Each observer had been tested for visual acuity and color vision with Ishihara and Snellen tests [74,75]. Any failure of these tests motivated the dismissal of the person from the experiment. Before running the test, the experimenter provided subjects with written consent and information forms, together with oral instructions. This process made sure of the consent of participants and their understanding of the experiment process. It also ensured anonymous data collection.

3.4. Post-Processing of Eye-Tracking Data

First, we transformed collected raw signals into the pixel coordinate system of the original sequence. This conversion led to what we refer to as binocular gaze data. Let us be precise that the origin of coordinates was the top-left corner. Then, any gaze coordinates out of range were evicted, as they did not represent visual attention on stimuli. Once transformed and filtered, we extracted fixation and saccade information and created gaze density maps from gaze data. The remainder of this section describes all post-processing functions.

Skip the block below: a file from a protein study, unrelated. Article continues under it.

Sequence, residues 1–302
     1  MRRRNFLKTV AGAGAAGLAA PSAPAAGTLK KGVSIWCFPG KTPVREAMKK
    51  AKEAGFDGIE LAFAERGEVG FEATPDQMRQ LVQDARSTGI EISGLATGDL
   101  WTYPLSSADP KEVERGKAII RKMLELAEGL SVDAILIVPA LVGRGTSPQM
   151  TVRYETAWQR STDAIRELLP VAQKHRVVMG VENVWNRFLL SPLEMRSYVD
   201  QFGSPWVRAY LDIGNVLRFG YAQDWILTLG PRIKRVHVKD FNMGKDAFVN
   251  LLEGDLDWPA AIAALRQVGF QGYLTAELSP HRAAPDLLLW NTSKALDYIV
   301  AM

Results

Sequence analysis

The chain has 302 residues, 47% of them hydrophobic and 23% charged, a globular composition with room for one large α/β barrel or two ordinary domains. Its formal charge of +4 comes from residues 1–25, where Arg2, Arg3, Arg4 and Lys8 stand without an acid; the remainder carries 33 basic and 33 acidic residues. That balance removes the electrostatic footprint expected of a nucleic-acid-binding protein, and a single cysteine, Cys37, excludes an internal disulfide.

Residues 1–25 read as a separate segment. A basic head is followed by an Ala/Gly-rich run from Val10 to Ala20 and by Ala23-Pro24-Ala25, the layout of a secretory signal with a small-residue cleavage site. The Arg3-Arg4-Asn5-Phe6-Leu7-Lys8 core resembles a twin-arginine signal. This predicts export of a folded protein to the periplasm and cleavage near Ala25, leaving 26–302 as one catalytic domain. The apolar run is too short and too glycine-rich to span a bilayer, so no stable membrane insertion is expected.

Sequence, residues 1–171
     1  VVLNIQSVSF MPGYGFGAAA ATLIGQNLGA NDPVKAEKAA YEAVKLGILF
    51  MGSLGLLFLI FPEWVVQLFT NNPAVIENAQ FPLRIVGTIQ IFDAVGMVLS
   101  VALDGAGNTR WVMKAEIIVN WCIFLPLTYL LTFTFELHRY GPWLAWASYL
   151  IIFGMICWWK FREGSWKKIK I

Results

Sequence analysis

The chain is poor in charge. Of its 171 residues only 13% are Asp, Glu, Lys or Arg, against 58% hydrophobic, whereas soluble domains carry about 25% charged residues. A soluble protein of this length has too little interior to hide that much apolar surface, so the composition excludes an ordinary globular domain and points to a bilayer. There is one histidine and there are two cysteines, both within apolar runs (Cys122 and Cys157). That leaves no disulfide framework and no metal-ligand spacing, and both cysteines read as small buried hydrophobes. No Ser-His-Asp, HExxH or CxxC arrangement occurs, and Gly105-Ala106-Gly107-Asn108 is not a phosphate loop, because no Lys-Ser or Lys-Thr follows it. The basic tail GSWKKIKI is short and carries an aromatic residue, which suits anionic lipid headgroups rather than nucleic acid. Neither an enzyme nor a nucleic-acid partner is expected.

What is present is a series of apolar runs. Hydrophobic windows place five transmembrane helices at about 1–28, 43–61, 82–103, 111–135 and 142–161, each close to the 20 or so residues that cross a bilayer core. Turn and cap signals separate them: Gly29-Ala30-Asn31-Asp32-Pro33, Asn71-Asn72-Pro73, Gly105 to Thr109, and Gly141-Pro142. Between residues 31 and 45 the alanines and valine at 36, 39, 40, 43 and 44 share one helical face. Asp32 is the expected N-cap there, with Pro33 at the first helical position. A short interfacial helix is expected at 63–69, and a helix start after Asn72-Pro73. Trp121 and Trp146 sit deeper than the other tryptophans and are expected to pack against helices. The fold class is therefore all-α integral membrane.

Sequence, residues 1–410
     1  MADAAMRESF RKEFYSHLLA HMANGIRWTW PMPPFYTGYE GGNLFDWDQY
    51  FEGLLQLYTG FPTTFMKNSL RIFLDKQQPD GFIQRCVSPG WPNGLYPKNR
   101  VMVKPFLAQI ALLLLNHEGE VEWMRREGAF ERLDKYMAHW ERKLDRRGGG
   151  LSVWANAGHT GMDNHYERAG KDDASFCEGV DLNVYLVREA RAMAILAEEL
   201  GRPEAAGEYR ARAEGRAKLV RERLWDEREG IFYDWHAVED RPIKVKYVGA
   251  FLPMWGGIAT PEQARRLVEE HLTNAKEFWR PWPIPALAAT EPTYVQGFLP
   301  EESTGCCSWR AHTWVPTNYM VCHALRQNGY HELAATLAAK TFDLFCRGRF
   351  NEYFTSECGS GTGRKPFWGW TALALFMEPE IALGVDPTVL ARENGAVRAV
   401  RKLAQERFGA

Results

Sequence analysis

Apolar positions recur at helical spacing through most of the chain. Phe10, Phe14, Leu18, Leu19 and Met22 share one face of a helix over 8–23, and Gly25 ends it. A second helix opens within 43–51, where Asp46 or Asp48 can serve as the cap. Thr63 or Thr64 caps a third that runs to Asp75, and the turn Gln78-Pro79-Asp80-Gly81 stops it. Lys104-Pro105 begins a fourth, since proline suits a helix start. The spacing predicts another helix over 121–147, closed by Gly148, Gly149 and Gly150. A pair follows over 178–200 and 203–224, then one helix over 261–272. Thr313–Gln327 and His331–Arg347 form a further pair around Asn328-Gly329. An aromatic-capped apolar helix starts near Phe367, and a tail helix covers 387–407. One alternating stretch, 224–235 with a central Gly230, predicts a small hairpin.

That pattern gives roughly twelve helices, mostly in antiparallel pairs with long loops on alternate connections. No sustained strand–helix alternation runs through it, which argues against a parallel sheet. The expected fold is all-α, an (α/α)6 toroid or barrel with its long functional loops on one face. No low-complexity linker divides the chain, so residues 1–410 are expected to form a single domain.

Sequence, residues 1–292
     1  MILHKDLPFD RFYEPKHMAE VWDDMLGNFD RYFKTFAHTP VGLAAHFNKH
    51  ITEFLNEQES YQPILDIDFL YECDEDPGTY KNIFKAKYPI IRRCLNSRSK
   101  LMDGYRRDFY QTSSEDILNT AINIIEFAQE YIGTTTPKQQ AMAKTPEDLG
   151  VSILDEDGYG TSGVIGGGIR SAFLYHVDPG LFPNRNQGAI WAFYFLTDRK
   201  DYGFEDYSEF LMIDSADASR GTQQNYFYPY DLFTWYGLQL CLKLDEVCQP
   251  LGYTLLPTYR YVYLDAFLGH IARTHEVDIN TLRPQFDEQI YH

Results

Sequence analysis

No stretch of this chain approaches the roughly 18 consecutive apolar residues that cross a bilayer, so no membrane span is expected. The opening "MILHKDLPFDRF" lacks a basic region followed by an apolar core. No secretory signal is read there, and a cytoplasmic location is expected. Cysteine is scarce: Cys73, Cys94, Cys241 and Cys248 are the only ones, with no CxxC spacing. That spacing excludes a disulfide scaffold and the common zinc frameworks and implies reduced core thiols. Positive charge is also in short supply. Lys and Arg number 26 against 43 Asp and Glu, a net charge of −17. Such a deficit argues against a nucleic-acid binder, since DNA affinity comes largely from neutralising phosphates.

3.4.1. Raw Data

At first, coordinates of the collected binocular gaze data were transformed into the pixel coordinate system of the visual stimulus. Additionally, we addressed the original resolution of sequences. Coordinates outside the boundaries of the original resolution of the stimulus were filtered out as they were not located in the video stimuli display area. The following formula presents how the collected coordinates are transformed for both eyes:
x S = x D R D X R S X 2 y S = y D R D Y R S Y 2